Less than two weeks later, on August 14, Bill underwent a lung resection – an upper left lobectomy – to remove the cancerous section of his lung. Because the non-small cell cancer had spread, doctors also removed 12 lymph nodes.

Bill would need chemotherapy, which doctors agreed he could undergo back home in Florida. Before he was discharged, though, Bill developed atrial-fibrillation (often called a-fib) – irregular heartbeats that can lead to heart failure or stroke. It was frightening, but it was also the moment when Penn Medicine’s response showed him how much they truly cared. He realized that being a patient at the Abramson Cancer meant having access to specialty care across the entire Penn Medicine health system when you need it the most.

“My atrial fibrillation began during a shift change, when one set of doctors and nurses are leaving and another is coming in,” Bill remembers. “Within minutes of my symptoms, I had 15 nurses and doctors in my room – the incoming teams and the outgoing teams. I said to the outgoing team, ‘Aren’t you all supposed to be leaving?’ They said, ‘We’re not leaving until you’re stabilized!’”

Bill and Ralph Cancer Patients

It Gets Worse – Then Better

While Bill’s heart was being monitored in the weeks after, Ralph encountered his own health bombshell.

“I had come home to Florida for a few days to take care of matters here when I got a call about my last CT scan,” he remembers. “My general practitioner was concerned about what he saw.”

Ralph made his own appointment with Dr. Lanfranco and Dr. Jarrar for as soon as he returned to Bill’s bedside in Philly. Their news was shocking: Ralph, too, had lung cancer. The prognosis was very similar to Bill’s – though Ralph’s cancer thankfully had not spread to his lymph nodes.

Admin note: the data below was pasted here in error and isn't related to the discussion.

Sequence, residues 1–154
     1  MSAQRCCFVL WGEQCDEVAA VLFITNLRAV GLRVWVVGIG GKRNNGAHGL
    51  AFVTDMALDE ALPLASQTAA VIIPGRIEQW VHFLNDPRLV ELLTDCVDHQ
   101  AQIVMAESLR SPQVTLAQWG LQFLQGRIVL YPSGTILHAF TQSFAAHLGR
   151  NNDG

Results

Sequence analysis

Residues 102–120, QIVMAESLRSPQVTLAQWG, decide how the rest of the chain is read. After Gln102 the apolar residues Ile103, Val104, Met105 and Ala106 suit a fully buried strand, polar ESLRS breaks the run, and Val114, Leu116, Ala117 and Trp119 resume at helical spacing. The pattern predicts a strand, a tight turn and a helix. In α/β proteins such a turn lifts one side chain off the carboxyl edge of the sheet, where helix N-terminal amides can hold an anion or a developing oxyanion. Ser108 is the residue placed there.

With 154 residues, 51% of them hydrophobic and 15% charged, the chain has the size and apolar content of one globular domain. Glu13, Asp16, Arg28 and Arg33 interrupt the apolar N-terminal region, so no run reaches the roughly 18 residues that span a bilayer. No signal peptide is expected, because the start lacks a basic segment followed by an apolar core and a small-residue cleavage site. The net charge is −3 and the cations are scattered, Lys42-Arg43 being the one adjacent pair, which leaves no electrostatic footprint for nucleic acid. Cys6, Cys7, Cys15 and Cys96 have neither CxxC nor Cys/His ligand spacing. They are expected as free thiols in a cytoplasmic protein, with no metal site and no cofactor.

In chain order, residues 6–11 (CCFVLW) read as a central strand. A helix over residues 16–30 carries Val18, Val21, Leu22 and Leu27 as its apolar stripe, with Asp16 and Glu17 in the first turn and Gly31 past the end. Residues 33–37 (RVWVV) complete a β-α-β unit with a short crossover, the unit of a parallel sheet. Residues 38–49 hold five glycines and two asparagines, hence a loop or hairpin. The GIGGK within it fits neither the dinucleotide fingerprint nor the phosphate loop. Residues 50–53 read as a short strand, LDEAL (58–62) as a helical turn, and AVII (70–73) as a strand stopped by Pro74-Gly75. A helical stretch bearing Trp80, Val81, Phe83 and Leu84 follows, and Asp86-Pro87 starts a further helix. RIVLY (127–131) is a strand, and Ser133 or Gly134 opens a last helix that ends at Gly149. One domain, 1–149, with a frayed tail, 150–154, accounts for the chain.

Ralph’s lung resection surgery was scheduled for October 3. Bill had only recently been discharged from Penn’s Abramson Cancer Center when he returned by Ralph’s side a few weeks later.

“The nursing staff was like, ‘What are you doing here?’ and I got so many hugs. Despite the circumstances, it was really nice to be greeted like that.”

Ralph’s lung resection went smoothly and no post-surgery treatment was needed. Once again, Ralph and Bill stayed with John until they got the all clear to head back home.

Back in Florida, Bill continued chemotherapy, completing his final round on the day before Thanksgiving. His atrial fibrillation is stabilized. He takes a blood thinner and a beta-blocker and sees a cardiologist in Florida.

Ralph has fully recovered from his lung resection.

Looking Forward to the Future

The men celebrated clean bills of health with a trip to Europe in December, and have another trip on the books, too: A few days in Philly for follow-ups visits with the Abramson Cancer Center in April. In the meantime, they stay connected to their care teams through the Penn Medicine patient portal, myPennMedicine, where they can post questions and receive direct responses from their doctors and their larger team.

“I think it was fate that got us started on our journey with Penn Medicine back when I saw Dr. Kovell,” Ralph says. “If he and the urology team had not been so wonderful in 2017, we might not have bee-lined back to Philadelphia two years later, when the stakes were even higher.”

Traveling back and forth between Florida and Philadelphia for treatments wasn’t always the easiest, they say – especially when Bill wasn’t able to fly or take the wheel, leaving all of the driving to Ralph. But – as Ralph puts it: “We did what we needed to do.”

“And it paid off in spades,” he adds.